That, combined with the visibility you've got, allows you to place the 720S with absolute confidence. Never has a supercar felt so wieldy, even on roads that might be considered more hot-hatch friendly than 720hp mid-engined supercar territory. What is evident, even on the road, is the ferocity of the performance on offer. Nothing, this side of a hypercar, accelerates with the vigour of the 720S, that's not just true when launching from standstill, but though the gears on the move. The feeling of a lack of inertia, both in the engine's response, and the perception it's not having to work hard to shift the car, is hilarious, and the 720S hurls itself forward with alacrity that's got to be experienced to be believed.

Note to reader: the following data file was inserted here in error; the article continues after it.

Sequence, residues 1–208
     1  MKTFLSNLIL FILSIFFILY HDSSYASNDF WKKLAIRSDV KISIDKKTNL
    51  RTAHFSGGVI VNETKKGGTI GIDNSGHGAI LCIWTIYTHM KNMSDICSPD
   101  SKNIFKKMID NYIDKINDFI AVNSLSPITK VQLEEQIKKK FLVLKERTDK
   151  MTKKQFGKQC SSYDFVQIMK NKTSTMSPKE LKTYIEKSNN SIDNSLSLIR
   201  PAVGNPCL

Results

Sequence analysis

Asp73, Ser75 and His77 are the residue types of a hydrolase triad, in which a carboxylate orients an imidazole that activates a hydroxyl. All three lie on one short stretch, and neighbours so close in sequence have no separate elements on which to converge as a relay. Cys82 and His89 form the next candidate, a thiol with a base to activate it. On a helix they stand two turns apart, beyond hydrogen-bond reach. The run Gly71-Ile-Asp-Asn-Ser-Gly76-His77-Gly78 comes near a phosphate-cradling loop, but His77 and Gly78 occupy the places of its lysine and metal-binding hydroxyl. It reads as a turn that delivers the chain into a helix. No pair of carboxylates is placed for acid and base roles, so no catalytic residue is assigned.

That the chassis is so transparent in its feedback and clear in its response only adds to the ability, not lessening the impact of the 720S's performance, but allowing it to be exploited. The brakes, like the steering, are noteworthy. They feel race-car like in the weighting of the pedal, and it doesn't feel like you're pushing through a servo to get to the stopping power - the response is immediate, progressive and assured. The air brake helps, and the 720S's stability under braking is resolute, to the benefit of corner entry speeds. Add a transmission that's so quick it'll shift as quickly as the synapses that asked your finger to trigger it, and the 720S is a car that's devastatingly effective at covering ground quickly.